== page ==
Road test: Aston Martin Vanquish S

  • Priced from £199,950, a £7k premium over Vanquish it replaces
  • 6.0-litre V12 engine now produces 592hp, up 24hp
  • Firmer chassis feels sportier, retains excellent comfort 
The Aston Martin Vanquish S sits at the pinnacle of the British sports car maker’s range. Costing £199,950, it offers a V12 engine mounted ahead of the driver, 2+2 seating – meaning the two rear seats are tiny – and lively rear-wheel-drive dynamics.
Aston calls it a ‘super GT’, and as such it has a tricky brief, tasked with thrilling its driver when he takes the long-way home but pampering occupants when loaded with bags and speeding to the south of France. You might consider a Ferrari F12, a Bentley Continental GT, or even Aston’s new DB11 instead.
The Vanquish was originally launched in 2012, and while it shares much of its design and basic underpinnings with the 2004-2016 DB9, that comparison undersells its comprehensive re-engineering. Most notably, the Vanquish is unique among series-production Aston Martins in boasting a bodyshell and panels manufactured from carbonfibre. There’s even carbonfibre where you can’t see it, including the boot floor. The result is a stiffer, lighter structure and, more surprisingly, extra interior space. The powertrain and chassis were also developed to give the DB9 an inferiority complex.
Just over four years on, the Vanquish S replaces the Vanquish, while carrying over the majority of components. The front and rear bumpers are embellished with carbonfibre, and new options include five-spoke 20-inch alloy wheels and Bridge of Weir leather, but the man on the street will struggle to differentiate old and new.
The interior features a suitably low-slung driving position and some incredibly high-quality craftsmanship, but it is dated by the all-new DB11, particularly the Vanquish S’s far less advanced – if still easy-to-fathom – infotainment system, and the hard, unsupportive seats, perhaps its biggest failing.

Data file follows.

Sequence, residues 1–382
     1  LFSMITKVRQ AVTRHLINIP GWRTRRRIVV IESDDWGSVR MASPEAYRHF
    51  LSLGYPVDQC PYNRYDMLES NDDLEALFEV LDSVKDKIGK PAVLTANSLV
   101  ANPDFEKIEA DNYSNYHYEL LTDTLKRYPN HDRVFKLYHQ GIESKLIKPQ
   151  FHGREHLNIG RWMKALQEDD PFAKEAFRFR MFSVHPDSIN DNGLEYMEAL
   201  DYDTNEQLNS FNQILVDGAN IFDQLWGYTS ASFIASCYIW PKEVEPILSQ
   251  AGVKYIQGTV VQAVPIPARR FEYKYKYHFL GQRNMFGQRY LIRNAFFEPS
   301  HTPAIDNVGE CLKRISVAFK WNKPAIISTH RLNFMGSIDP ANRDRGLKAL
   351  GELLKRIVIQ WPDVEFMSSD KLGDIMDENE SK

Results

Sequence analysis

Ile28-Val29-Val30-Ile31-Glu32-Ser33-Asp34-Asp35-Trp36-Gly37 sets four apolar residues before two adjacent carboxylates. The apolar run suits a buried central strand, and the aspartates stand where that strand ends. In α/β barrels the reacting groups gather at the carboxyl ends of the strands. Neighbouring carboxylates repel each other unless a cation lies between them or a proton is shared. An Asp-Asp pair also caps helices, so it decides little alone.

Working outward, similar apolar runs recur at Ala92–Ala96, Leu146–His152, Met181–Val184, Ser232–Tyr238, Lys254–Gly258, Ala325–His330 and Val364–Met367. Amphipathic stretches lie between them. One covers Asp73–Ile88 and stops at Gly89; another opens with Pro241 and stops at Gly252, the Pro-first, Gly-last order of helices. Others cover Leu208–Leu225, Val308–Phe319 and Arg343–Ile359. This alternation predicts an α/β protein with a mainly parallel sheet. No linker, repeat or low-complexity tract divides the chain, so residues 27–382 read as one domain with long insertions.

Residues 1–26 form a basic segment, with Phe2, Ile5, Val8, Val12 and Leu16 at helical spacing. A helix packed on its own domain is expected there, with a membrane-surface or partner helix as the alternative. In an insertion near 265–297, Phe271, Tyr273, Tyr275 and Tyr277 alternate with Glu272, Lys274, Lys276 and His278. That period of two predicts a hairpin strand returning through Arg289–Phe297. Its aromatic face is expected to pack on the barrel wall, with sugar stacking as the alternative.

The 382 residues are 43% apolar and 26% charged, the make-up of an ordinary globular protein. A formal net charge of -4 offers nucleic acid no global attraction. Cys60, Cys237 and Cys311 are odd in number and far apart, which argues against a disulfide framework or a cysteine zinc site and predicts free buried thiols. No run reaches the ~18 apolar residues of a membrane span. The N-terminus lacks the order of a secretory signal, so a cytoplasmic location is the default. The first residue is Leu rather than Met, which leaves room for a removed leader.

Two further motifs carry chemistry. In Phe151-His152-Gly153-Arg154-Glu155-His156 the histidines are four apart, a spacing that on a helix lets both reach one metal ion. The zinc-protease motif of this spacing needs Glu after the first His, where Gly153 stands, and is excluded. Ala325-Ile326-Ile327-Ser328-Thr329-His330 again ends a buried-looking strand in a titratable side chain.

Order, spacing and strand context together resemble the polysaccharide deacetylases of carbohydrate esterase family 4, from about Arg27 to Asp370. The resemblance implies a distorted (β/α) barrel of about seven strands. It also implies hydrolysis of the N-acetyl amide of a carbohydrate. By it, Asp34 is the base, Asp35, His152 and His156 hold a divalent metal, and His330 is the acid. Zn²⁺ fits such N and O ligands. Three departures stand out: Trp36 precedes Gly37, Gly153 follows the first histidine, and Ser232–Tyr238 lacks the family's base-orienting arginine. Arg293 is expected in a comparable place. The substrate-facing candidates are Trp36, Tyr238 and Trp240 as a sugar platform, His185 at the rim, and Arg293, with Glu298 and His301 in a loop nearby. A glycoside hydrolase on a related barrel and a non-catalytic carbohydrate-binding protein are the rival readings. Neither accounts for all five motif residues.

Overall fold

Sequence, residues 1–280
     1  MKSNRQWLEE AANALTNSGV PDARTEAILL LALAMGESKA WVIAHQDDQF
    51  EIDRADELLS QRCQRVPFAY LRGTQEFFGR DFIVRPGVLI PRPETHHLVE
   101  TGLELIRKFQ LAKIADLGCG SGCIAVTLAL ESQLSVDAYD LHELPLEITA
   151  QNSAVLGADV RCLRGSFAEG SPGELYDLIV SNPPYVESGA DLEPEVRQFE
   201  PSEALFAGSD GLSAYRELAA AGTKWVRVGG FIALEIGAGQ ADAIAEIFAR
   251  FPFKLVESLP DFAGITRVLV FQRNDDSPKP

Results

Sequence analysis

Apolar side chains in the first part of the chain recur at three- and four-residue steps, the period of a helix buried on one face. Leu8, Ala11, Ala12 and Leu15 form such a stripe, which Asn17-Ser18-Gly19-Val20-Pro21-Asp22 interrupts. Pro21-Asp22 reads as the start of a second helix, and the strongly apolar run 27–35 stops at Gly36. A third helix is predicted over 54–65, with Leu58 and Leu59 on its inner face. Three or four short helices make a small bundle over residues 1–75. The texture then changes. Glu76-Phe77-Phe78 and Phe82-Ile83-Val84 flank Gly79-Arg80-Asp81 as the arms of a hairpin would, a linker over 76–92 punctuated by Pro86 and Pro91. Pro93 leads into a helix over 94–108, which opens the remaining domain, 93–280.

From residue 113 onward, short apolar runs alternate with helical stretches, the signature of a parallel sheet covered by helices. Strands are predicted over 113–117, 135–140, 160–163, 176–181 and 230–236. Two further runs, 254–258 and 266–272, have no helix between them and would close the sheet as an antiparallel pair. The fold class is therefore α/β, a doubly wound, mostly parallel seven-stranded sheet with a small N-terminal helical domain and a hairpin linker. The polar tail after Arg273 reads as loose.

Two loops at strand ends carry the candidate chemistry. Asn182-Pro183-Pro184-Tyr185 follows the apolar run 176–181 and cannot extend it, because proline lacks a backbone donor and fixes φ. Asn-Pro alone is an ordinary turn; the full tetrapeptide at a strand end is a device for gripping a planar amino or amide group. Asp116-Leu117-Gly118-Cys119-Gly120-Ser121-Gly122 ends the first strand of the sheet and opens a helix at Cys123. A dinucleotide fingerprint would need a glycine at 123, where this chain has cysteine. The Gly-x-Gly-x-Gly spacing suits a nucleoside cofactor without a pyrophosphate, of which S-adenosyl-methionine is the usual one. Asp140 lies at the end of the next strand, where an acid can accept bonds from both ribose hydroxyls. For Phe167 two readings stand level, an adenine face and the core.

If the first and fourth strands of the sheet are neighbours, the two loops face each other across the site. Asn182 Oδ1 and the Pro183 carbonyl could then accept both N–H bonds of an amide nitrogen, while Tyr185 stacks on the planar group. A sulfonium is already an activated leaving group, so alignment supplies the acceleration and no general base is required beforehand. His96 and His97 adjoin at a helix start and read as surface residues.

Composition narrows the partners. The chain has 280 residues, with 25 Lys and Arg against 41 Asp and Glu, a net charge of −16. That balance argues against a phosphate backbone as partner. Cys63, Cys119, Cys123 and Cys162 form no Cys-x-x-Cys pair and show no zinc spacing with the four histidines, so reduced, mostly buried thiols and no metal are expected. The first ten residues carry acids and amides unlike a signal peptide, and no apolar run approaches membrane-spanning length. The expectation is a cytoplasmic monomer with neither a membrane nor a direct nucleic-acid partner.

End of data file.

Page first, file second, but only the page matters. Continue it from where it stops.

Really, though, there’s more to what you can’t see than what you can. New boss Andy Palmer’s brief to his team was to ratchet up performance and driver engagement without compromising the original car’s admirable comfort. The 6.0-litre V12 power has been increased from 568bhp to 592bhp thanks to a freer-breathing induction system, the gear shifts have been recalibrated to feel sharper and the chassis tuned for extra agility – even the new front splitter sticking out from the front bumper pushes more air down on the front tyres at speed, increasing grip.
Starting the old Vanquish was already like uncorking bottled thunder, but new exhaust silencers turn the S into the Brian Blessed of V12s. It’s beautifully judged with feisty crackles and rich baritone roars under harder acceleration ceding to a more subdued and cultured soundtrack at a cruise. There’s also a proper flourish towards 7000rpm peak power, not the monotone anti-climax of old.
The unhurried power delivery below 3000rpm might make you wonder if the floormat is tangled under the throttle, but that’s because the Vanquish hasn’t adopted the turbochargers favoured by many rivals. The advantage is a crisper sound, zingy throttle response, and a linear lunge of power that lasts all the way to 7000rpm; the more you work the engine, the more you get from it, and there’s great satisfaction in that. The DB11’s turbocharged V12 might be more flexible at low revs and it is more frugal – the Vanquish S manages 21.6mpg/302g/km CO2 to the DB11’s 24mpg, 270g/km – but it can’t quite get under your skin like this.